Progress on pilotage standards
Monday, 30 January 2012 | 00:00
As the pilot clambers over the ship's rail and makes his way to the bridge, how does the Master know that this is a competent person who is now about to advise him on the conduct of his ship into port? There is no shortage of anecdotal reports of Masters having to take over the con and countermand the orders of pilots who are standing the ship into danger. Pilots, for their part, respond by their own recollections of bridge teams who speak no known language and worrying lack of competence.
The debate about “the Master-pilot” relationship has been rumbling on for years, complicated by more complex ship control systems and pilots now arriving on board accompanied by their own electronics, effectively shutting out the ship’s people from their close monitoring function. Is the pilot an “extra crew member”, an external adviser, or perhaps an additional member of the ship’s “bridge team”?
But rather more to the point is this issue of pilot competence. It may be less of a problem at a port where our ship is a regular caller, in a developed industrial country with a highly developed regulatory infrastructure. In such place there can be reasonable assurance that the pilot’s skills and training will be appropriate to the size of ship he or she will be boarding, and that the pilot’s local experience will be all that is expected.
But what of a completely unfamiliar port in a part of the world not traditionally celebrated for its maritime expertise? The pilot bouncing through the wheelhouse door might exude confidence, wear a smart uniform and prefix his name with “Captain”, but what of his ship-handling skills? After all, the liability for the pilot’s mistakes will remain with the ship and its Master and there may be limited time for intervention after the pilot’s errors or negligence has become obvious.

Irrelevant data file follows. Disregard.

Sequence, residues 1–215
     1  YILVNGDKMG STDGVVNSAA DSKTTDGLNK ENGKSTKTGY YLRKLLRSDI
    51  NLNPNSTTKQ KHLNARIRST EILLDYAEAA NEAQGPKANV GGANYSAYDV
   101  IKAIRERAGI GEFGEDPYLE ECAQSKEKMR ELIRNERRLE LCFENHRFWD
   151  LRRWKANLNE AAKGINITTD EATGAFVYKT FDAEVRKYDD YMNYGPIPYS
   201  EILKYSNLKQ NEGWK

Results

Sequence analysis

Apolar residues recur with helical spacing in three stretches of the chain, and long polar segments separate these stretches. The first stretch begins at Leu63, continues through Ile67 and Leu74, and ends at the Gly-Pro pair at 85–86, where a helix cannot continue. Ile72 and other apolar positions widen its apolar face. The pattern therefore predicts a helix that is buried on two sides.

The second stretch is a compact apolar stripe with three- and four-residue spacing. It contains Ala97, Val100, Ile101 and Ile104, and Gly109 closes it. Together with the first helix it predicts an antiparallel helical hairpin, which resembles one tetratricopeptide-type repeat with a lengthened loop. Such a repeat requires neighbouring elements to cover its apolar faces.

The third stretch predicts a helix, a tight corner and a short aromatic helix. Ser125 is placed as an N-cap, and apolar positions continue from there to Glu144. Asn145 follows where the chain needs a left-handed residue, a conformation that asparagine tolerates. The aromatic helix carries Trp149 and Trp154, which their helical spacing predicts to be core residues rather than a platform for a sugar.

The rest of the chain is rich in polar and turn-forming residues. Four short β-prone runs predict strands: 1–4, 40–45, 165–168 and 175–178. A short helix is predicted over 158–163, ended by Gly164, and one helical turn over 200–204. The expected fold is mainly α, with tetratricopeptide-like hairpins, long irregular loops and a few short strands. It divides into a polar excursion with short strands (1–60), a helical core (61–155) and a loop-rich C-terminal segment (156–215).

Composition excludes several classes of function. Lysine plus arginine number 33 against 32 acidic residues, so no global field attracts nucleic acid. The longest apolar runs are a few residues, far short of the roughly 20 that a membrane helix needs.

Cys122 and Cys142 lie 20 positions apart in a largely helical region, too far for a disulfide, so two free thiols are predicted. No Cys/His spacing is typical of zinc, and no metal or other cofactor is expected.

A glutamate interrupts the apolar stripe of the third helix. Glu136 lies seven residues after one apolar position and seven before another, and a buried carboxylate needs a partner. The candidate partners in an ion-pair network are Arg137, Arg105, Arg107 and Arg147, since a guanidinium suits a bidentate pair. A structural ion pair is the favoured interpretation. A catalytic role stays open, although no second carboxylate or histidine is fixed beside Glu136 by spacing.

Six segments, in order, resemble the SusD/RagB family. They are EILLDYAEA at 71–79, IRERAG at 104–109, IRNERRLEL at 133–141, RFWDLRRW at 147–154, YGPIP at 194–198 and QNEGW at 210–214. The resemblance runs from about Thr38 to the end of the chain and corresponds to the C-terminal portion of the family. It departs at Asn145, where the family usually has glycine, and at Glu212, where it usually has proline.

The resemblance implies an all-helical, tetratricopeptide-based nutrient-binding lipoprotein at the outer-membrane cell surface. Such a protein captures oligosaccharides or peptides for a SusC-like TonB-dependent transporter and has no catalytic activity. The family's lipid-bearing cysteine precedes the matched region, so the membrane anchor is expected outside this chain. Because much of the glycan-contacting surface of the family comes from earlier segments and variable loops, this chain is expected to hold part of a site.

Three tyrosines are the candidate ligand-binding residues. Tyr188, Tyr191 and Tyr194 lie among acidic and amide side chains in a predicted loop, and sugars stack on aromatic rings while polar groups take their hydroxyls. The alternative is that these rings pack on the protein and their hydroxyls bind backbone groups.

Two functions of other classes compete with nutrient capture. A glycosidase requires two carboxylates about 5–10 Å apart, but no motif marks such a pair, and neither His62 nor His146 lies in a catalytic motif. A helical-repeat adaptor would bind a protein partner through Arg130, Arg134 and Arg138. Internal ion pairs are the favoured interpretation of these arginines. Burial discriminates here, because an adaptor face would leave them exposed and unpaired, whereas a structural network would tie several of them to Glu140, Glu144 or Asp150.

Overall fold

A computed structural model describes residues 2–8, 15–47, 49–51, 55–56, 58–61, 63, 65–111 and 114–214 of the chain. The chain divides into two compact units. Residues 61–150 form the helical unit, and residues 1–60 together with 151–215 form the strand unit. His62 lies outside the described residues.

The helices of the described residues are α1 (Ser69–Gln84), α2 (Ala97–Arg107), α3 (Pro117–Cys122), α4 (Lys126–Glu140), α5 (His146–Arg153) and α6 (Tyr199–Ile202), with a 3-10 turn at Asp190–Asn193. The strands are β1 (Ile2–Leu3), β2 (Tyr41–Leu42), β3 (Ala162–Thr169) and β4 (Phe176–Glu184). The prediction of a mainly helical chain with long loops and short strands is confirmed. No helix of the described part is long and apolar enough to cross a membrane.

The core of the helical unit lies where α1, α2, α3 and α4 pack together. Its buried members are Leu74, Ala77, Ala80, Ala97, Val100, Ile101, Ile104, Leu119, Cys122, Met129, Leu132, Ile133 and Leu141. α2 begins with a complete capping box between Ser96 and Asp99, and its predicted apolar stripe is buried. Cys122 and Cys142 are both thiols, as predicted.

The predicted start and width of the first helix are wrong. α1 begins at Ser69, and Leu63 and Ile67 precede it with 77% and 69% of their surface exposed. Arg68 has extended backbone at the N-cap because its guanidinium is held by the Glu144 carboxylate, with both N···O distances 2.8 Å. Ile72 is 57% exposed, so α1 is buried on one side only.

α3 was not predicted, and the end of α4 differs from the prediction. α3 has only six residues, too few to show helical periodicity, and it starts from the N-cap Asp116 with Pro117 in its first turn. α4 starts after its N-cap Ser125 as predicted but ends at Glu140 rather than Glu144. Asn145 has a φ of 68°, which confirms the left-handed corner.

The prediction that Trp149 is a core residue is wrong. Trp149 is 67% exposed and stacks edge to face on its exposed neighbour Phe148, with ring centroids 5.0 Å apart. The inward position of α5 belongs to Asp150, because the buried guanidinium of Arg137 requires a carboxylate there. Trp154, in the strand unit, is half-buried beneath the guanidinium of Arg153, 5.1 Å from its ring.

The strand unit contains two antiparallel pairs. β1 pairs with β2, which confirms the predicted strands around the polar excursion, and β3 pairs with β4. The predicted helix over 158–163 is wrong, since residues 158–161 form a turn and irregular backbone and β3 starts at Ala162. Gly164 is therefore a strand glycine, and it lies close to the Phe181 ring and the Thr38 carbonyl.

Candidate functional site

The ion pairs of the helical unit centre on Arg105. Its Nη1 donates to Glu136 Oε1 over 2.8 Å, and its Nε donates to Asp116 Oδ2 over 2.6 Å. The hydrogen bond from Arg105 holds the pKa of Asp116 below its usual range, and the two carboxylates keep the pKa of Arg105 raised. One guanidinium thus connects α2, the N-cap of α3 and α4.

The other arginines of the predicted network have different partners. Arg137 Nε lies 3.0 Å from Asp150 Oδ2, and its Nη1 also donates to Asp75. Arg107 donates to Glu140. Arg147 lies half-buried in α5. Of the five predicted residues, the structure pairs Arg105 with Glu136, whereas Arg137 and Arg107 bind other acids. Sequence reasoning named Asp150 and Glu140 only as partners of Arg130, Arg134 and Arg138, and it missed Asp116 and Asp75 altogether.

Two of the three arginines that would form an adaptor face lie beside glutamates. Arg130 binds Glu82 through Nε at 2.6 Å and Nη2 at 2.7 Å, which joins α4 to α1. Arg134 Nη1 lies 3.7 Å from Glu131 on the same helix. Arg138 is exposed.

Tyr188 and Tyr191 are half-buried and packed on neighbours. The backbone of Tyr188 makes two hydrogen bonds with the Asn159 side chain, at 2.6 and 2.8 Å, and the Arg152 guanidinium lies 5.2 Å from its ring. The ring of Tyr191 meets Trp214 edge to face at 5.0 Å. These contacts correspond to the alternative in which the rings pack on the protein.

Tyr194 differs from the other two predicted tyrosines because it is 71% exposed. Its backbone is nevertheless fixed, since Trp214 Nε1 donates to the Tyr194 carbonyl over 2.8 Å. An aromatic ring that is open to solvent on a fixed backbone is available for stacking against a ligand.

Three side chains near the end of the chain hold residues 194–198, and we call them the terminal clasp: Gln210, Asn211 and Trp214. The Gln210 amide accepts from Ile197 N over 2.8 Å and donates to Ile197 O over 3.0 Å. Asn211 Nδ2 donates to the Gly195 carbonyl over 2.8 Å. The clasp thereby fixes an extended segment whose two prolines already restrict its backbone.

So what is clearly required is some international benchmark that will provide some reassurance that the pilots in a particular port have the requisite skills. It is easier to suggest this than to develop the criteria, hence the considerable delay in discovering this helpful set of rules. Pilots themselves need to be closely involved in their particular interpretation of the assessment of their own skills, and it has not been an easy process, with these markedly independent people often finding it difficult to agree amongst themselves.
But at long last, with the assistance of the International Maritime Pilots Association and chiefly the European Maritime Pilots Association which has employed the drafting skills of Netherlands’ pilots, it has been possible to develop International Standards for Pilotage Organisations. These, now known as the ISPO Code, effectively provide performance criteria by which the operational procedures of a pilotage authority can be assessed. Modelled in some respects on the International Safety Management Code, the code covers all aspects of the operation of a pilotage service, which can be transparent and independently audited by a qualified assessment organisation.
The hope is now with this system in place, pilotage providers all around the world will adopt it, giving the users – their customers – the assurance they need that their vessels will be in good and competent hands.
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